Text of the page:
Tom’s Starlight — the reincarnation of Tom’s Diner on Denver’s Colfax Avenue — welcomed patrons back to the building this week, with a fresh look, outdoor patio and menu.
The path to Tom’s Starlight’s opening was marked with years of twists and turns, including a nixed demolition plan, a spot on the National Register of Historic Places and a forced lull during the COVID-19 pandemic.
On Wednesday, the Tom’s Starlight signage popped against the autumn sky above the Capitol Hill neighborhood as customers settled in for conversations and cocktails, seated on the orange bar stools inside and at patio tables.
“I’m still pinching myself as I drive in,” said owner and operator Tom Messina in a Tuesday telephone interview. He strolled around his establishment at 601 E. Colfax Ave. on Wednesday, mingling with patrons who started to arrive at 4 p.m.
The former diner’s “old-school” new name was inspired in part by the outdoor space situated “under the stars,” which replaced around 30 parking spots, Messina said. As a man in his golden years, he also described himself as in his “starlight time,” adding further resonance.
Guests from the Tom’s Diner days will still recognize the stone exterior of the Googie‐style building, which dates back to 1967. But, upon entry, they’re now faced with a sleek cocktail bar counter, retro-inspired light fixtures and booth seating, with a dining-area color scheme bursting with orange, purple and green.
Outside on Wednesday evening, several parties of diners were nestled under wooden pergolas as the sun set. Between them and the door leading inside, the patio is dotted with fountains, tiki garden statues, fire pits and greenery.
For Rick Olson, the vibe reminds him of Palm Springs, Calif. “We’re planning vacations to Palm Springs because of this,” he said, sitting at an outdoor table with three other Denverites.
“I like it because it’s almost like a time capsule,” added Patrick Gray, who described the lounge as an “idealized, 1950s highway diner” with the added flair of that stylish, southern California city.
The menu has also received a face-lift. Offerings for drinkers include $11 highballs, wines and draft beer, along with classic and signature cocktails, such as the $18 “No Help Needed” – a tequila drink with a limit of two per customer – and the $14 “Bend & Snap.” Diners can share an appetizer, such as the $18 fried calamari and $18 shrimp cocktail, or eat their fill of the $14 chicken sandwich, $32 pork chop and other heftier food choices.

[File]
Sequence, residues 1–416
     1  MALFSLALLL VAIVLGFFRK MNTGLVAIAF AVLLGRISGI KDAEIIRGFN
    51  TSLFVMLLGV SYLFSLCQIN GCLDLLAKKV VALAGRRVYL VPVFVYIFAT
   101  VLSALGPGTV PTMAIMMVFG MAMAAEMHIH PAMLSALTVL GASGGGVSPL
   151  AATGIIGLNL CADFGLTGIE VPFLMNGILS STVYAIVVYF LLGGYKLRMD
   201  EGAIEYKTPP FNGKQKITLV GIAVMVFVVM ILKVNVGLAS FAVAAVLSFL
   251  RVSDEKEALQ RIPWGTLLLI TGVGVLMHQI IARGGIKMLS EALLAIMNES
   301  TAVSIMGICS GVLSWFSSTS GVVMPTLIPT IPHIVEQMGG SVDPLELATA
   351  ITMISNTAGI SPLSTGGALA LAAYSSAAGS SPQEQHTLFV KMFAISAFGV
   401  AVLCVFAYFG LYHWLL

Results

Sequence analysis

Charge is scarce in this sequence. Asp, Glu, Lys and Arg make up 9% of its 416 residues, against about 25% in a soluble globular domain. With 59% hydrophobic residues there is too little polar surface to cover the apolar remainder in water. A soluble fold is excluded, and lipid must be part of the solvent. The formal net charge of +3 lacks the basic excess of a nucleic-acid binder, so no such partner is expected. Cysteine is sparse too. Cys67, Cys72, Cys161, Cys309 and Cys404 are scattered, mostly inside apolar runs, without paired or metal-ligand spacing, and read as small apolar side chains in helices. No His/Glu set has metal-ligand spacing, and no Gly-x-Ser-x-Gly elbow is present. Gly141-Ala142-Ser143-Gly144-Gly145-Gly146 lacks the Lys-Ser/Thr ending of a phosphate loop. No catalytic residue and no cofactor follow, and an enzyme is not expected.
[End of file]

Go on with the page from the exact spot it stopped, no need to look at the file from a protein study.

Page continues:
Denver resident Mario Gustafson, who sipped from a “Radio Freqs” gin cocktail at the outdoor bar, decided to pop by and “see what the possible new ‘it’ bar of Denver would be.”
His verdict? It “probably” will have its moment in the sun, adding that it’s “way bigger” than he initially imagined.
“Some people are really excited about the new venture, and others want to hold onto the past,” Messina said. While the building maintains some of its original feel, “we’ve moved it forward,” he said.
This isn’t the space’s first transformation. Formerly operating as the White Spot restaurant, Messina took the reins in 1999, opening Tom’s Diner – a joint churning out shakes, sandwiches and more around the clock – and buying the property in 2003.
Sixteen years later, that purchase was at the forefront of community drama in 2019 when the Denver government dubbed it “a potentially historic structure due to a request for a certificate of non-historic status, which is often a precursor to demolition,” nonprofit preservation organization Historic Denver reported. With plans in the works to sell the building to Greenwood Village-based Alberta Development Partners for $4.8 million and raze it for an apartment complex, an owner-opposed community push to designate the building as a city landmark ensued.
The solution came in the form of Historic Denver contacting GBX Group LLC, which specializes in buying, preserving, and operating historic real estate. That move led to GBX Group and Messina securing a spot for the building on the National Register of Historic Places, avoiding demolition and eventually leading to Tom’s Starlight.
In March 2020, the COVID-19 pandemic forced the establishment to shutter, and it suffered acts of vandalism as it sat unused. “Life was put on hold, so that was a bit challenging, for sure,” Messina said.
While the road to reopening had its trials and tribulations, “it’s still sweet,” he added.
Messina took Wednesday on with a team of 25 to 30 people, but hopes to secure about 10 more hires. “That part has been shocking to me,” he said, referring to the restaurant industry’s labor shortage. “Everywhere you look, there’s ‘help wanted’ signs.”
Former Tom’s Diner patrons turned out on opening night to take in the transformation.
Tony Bertke – Tom’s Starlight’s first customer to walk through the door – “was only in the old Tom’s when the sun was coming up.”
He remembers the diner as a spot to eat “comfort” breakfast food while sleepy Denverites traversed Colfax Avenue. Now, times have changed, as he relaxes over a drink, with the moon quickly on its way.
“I’m really excited for it to be in our neighborhood,” said Kathleen Mettel, who sat with Bertke. “It has a good vibe to it.”
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